December 2011:

BAD HAMLET – The Bootleg Quarto of 1603: I found this one by pure serendipity. I was walking home from the library and saw a poster for it in a window. At first I thought it was some kind of prank, but I went back in the evening to check it out and it was, indeed, real. Was it “bad?” No, actually, it was great. In closing I’d like to thank Do It Live! Productions: having a chance to see Hamlet again this year was, for me, a happy ending to 2011.



(Asphalt photo by Andrea Beeman/Bioluminosity B&B. Gertrude and Hamlet photo by Lee Wexler/Images for Innovation.)

Persephone’s Roots – An All Hallow’s Eve Ritual

October 21, 2010

VOX: This is my first blog post previewing a play (and not about something I’ve already seen.) A few weeks ago I learned about an upcoming production in Berkeley by the Ragged Wing Ensemble. I’d seen them perform before, most notably in production they did of “The Tempest” in 2007. This play was a new one, based on an ancient myth, called “Persephone’s Roots; An All Hallows Eve Ritual.” What caught my attention was that it looked like it was going to be both a play and an actual Pagan ritual. This seemed like a good combination to me, and one that has historical validity. And it also seemed a natural fit for the Bay Area, where there are lots of theatre people and lots of Pagans!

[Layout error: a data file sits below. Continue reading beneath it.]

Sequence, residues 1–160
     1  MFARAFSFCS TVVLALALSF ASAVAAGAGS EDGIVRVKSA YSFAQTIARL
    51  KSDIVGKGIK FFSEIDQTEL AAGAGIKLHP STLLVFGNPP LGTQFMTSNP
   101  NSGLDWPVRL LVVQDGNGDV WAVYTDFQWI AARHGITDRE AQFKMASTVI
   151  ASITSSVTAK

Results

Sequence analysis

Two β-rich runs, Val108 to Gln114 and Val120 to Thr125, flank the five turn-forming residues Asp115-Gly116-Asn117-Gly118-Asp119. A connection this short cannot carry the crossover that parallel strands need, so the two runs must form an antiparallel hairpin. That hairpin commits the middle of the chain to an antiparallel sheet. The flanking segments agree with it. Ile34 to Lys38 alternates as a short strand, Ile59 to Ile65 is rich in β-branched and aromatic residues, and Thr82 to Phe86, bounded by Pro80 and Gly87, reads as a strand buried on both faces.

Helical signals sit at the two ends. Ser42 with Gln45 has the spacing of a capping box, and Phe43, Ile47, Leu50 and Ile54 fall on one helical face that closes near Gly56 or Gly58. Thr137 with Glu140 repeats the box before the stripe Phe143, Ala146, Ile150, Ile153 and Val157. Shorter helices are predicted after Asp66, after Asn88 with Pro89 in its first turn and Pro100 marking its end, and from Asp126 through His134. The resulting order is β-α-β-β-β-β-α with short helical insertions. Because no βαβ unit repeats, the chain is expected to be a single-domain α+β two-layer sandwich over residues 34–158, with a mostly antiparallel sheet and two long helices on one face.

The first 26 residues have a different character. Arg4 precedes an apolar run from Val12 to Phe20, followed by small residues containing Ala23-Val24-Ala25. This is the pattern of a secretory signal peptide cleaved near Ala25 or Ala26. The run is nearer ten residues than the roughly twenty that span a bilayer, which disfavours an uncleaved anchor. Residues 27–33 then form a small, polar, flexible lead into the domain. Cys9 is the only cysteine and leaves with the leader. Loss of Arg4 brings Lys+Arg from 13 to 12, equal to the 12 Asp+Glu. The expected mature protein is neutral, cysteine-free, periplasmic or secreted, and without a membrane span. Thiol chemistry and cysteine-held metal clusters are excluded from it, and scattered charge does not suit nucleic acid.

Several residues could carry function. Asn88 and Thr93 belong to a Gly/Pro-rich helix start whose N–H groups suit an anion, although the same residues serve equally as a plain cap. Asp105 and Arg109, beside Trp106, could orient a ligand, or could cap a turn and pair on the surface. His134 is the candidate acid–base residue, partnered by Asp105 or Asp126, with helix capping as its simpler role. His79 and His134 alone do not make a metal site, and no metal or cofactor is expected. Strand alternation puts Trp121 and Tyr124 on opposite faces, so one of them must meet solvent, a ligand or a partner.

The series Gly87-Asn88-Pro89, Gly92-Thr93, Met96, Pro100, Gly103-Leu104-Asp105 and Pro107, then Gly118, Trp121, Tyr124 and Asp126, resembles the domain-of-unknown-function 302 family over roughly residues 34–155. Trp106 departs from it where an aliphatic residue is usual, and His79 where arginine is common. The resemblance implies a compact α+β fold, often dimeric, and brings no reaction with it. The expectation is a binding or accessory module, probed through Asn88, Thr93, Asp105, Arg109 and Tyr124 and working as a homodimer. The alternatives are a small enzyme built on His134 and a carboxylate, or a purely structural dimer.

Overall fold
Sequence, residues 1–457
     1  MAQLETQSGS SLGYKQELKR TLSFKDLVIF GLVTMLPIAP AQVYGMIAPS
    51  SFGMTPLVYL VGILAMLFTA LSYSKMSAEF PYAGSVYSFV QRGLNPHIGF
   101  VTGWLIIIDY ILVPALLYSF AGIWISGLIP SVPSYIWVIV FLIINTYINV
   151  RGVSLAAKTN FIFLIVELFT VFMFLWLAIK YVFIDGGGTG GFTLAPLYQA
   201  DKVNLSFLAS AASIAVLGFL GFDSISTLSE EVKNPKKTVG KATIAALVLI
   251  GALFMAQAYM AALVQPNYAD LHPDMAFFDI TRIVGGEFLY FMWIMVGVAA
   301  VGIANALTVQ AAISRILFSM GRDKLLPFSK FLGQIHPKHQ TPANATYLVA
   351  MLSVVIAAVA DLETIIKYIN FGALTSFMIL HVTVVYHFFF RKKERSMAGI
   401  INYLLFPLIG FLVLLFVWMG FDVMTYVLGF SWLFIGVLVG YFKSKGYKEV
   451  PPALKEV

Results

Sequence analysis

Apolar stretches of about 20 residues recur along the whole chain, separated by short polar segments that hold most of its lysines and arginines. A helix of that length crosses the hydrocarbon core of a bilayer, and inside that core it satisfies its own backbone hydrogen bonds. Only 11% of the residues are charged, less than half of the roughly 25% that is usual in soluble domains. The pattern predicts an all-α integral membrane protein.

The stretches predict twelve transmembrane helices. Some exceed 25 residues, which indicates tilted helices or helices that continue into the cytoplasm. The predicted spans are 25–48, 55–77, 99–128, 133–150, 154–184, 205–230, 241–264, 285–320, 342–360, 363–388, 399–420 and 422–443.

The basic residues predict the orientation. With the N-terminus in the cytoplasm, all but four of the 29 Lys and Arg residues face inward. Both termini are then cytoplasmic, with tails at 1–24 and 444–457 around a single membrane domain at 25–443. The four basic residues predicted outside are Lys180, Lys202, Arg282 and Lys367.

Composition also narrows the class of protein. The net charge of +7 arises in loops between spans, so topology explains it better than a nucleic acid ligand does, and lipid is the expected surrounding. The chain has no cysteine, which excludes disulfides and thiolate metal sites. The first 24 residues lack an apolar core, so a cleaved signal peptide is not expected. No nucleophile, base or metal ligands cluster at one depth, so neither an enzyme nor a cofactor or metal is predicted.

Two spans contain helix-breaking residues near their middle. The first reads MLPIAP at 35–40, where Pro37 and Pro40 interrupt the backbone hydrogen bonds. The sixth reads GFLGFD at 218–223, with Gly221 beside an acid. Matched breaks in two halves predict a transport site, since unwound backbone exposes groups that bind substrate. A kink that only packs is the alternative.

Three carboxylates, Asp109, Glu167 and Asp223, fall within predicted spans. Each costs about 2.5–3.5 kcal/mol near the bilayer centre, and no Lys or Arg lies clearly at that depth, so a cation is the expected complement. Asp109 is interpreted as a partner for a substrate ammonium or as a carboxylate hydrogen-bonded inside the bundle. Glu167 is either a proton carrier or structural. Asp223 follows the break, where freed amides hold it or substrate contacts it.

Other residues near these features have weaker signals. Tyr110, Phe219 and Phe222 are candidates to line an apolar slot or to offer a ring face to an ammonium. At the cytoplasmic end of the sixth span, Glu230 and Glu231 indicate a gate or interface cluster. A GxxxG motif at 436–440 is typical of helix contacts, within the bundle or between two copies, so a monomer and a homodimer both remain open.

I contacted Ragged Wing to get more info and ended up talking to the director, Anna Schneiderman.  So here, then, is my first blog interview, an edited transcription of what we talked about on the phone: